A more efficient amplifier design
Various techniques have been used to improve Class D amplifier efficiency, but these have only addressed the mismatch between best-case scenarios and real world usage at a very broad level.
Many amplifiers use a comparatively high supply voltage. The output stage, whether based on a linear or switching topology, then scales this supply voltage to the required output signal level. These high-supply architecture amplifiers tend to be very inefficient in the face of high LPAPR.
Power consumption in amplifiers tends to scale with the square of the rail voltage. But the operating voltage used is generally very much higher than the average output voltage so, except for the very rare occasion when a transient demands the maximum output power, large losses occur.
Some amplifiers use low-supply architectures, with a supply voltage much closer to the average output level. For the rare occasions when a high voltage peak is needed, a boost converter switches in to provide that. As the converter is used only for brief periods, its conversion losses have little impact on the amplifier's overall efficiency.
Rail tracking offers a finer-grained alternative to boost conversion. This technique varies the output-stage rail voltage by following the audio envelope or, in simpler implementations, by tracking the user volume level.
One issue for rail tracking can be the speed with which the rail voltage is varied. Most circuits have relatively large decoupling capacitors on the output rails and considerable currents are needed to change rail voltage rapidly. Switching between two parallel rails provides one answer to this. A lower-voltage rail is used most of the time, switching to a higher voltage rail only when the output signal exceeds the lower rail's available voltage.
Both rail tracking and switching have been used for some time in high-power linear amplifier designs, such as Class G and Class H variants, but transferring these approaches to a switching amplifier presents significant challenges. For example, the switching algorithm must be designed to avoid any objectionable clicks, or other artefacts, as the amplifier moves from one rail to another.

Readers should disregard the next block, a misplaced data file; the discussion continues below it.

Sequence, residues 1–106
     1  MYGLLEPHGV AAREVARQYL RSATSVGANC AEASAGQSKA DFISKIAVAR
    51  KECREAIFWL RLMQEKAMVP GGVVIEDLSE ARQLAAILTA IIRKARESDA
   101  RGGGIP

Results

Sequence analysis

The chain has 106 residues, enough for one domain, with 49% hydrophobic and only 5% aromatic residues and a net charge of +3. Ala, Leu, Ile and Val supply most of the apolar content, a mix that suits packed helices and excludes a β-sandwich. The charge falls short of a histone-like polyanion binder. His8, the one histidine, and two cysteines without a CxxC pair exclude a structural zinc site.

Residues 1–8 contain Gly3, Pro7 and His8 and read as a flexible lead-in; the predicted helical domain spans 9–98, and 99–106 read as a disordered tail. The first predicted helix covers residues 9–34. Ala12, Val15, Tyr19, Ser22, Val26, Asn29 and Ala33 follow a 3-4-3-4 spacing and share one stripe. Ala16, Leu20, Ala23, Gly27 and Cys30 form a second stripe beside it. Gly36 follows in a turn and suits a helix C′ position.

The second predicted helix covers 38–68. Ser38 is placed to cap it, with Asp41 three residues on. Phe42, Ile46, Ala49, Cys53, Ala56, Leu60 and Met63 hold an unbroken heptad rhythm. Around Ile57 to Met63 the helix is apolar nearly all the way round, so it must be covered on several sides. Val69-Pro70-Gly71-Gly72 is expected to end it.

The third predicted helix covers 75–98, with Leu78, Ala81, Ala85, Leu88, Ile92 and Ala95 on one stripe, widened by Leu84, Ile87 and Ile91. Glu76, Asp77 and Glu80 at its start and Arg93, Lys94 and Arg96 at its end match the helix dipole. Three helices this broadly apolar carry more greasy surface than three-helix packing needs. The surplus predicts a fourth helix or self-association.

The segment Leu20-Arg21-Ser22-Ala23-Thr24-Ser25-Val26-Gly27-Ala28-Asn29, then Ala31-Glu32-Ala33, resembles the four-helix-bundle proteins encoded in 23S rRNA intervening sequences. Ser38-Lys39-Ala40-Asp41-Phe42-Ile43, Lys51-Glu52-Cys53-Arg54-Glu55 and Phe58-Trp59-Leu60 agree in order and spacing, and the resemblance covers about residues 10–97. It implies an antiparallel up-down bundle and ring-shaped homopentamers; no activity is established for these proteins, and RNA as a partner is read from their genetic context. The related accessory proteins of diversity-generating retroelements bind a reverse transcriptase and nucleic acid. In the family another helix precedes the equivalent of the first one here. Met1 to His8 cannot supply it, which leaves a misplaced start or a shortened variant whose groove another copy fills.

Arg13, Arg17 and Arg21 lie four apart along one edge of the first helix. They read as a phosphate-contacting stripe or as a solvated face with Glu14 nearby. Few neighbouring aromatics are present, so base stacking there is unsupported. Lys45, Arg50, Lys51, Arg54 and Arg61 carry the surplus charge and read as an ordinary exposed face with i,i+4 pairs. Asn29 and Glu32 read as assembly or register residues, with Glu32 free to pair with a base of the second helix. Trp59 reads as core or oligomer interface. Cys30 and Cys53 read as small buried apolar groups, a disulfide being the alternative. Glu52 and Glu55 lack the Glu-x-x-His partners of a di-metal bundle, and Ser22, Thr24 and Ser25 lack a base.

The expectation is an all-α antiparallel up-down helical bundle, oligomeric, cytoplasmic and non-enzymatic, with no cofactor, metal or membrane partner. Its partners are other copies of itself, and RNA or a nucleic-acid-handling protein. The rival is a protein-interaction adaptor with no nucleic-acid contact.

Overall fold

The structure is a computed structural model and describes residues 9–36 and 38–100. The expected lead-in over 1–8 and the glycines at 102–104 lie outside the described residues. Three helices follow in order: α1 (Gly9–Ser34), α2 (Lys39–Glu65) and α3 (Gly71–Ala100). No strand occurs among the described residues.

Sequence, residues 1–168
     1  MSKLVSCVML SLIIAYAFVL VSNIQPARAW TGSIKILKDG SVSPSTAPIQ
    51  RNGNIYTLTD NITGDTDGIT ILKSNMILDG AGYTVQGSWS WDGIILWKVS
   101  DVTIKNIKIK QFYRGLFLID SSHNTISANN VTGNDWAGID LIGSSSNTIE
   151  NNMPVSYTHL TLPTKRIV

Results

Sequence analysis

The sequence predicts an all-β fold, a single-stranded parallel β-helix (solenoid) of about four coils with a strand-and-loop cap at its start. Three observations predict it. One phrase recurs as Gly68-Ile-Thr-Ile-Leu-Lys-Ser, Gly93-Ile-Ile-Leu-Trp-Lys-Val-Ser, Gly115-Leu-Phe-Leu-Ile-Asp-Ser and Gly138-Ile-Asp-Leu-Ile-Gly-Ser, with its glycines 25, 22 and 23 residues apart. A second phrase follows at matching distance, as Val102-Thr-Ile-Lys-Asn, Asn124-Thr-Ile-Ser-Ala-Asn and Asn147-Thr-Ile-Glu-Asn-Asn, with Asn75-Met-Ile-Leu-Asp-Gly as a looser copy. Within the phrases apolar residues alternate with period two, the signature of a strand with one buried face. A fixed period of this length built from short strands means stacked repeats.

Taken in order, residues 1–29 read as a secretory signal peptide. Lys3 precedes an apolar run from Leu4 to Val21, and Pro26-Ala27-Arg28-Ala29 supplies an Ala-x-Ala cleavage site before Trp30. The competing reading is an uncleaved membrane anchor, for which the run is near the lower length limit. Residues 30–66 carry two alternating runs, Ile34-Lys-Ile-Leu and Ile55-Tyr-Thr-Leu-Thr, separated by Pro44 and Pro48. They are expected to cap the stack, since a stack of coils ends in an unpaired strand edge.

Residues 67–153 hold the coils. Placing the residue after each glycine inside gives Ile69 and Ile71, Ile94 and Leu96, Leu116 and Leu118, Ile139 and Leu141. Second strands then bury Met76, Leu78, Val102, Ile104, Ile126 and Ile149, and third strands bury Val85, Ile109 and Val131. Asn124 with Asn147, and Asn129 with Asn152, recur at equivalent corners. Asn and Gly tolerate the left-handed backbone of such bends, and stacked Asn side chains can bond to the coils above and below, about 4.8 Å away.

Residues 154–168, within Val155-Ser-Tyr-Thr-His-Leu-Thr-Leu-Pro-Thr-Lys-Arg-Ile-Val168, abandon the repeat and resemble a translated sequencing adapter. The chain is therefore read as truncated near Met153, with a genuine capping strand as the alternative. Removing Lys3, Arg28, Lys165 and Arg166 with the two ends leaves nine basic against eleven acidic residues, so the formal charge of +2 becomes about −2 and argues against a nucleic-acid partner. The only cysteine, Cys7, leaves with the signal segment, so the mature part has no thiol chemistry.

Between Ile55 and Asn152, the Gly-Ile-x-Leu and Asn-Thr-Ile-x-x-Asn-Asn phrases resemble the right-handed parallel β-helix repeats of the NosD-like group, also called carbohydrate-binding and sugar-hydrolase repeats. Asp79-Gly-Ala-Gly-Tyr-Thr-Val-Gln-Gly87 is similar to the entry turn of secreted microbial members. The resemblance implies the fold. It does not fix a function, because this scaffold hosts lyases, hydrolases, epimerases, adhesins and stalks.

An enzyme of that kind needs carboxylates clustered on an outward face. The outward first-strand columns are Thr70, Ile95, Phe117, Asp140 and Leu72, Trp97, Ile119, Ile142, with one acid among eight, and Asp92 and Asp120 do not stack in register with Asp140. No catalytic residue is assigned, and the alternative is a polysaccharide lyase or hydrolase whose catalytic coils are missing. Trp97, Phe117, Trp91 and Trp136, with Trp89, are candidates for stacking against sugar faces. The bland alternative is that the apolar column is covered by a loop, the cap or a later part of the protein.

One of the biggest sources of efficiency loss in Class D amplifiers is high-frequency switching. These losses could be reduced using a slower switching rate, but this will result in audible degradation of the signal if used indiscriminately, especially as the switching frequency gets closer to the human hearing range.
However, it is possible to use the attributes of the audio to inform the switching process and adjust the modulation rate dynamically. Such a technique ensures the amplifier output stage only switches when necessary. The modulator continually analyses the incoming audio and uses its characteristics to decide when best to switch the pulse-generating transistors on the output stage.
The most efficient solution is to combine all of these techniques, and in doing so obtain a large overall reduction in power wastage. The results of doing so can be seen in Figure 3, which compares the efficiency of a conventional Class D amplifier IC and one that uses these new techniques, to give a real world example we've used measurements taken from our HiWave Audium amplifier IC.
Figure 3: Comparison of average power consumption between a Class D and HiWave Audium amplifier.
In both cases peak power output capability is 100W. Equivalent SPL is shown below the x-axis, assuming a single speaker that has an output efficiency of 90dB(SPL) at 1W and a distance of 1m. At the typical listening level of 73dB(SPL) the minimised quiescent power means such amplifiers consume one twentieth of the power of a conventional Class D amplifier.
By understanding the characteristics of an audio signal, together with normal consumer listening levels, amplifiers are being designed to maximise efficiency in real-world audio and not just test signals. This shift in mindset reduces average amplifier power consumption by several orders of magnitude and brings significant benefits to a wide range of consumer audio systems.
Figure 4: By adopting an efficient wireless standard, wireless speakers based on this topology can deliver approximately 40 hours of audio playback (600 songs) from a single AA battery charge.
About the author:
James Lewis is CEO of HiWave (www.hiwave.com), a UK based manufacturer of audio and haptic feedback devices.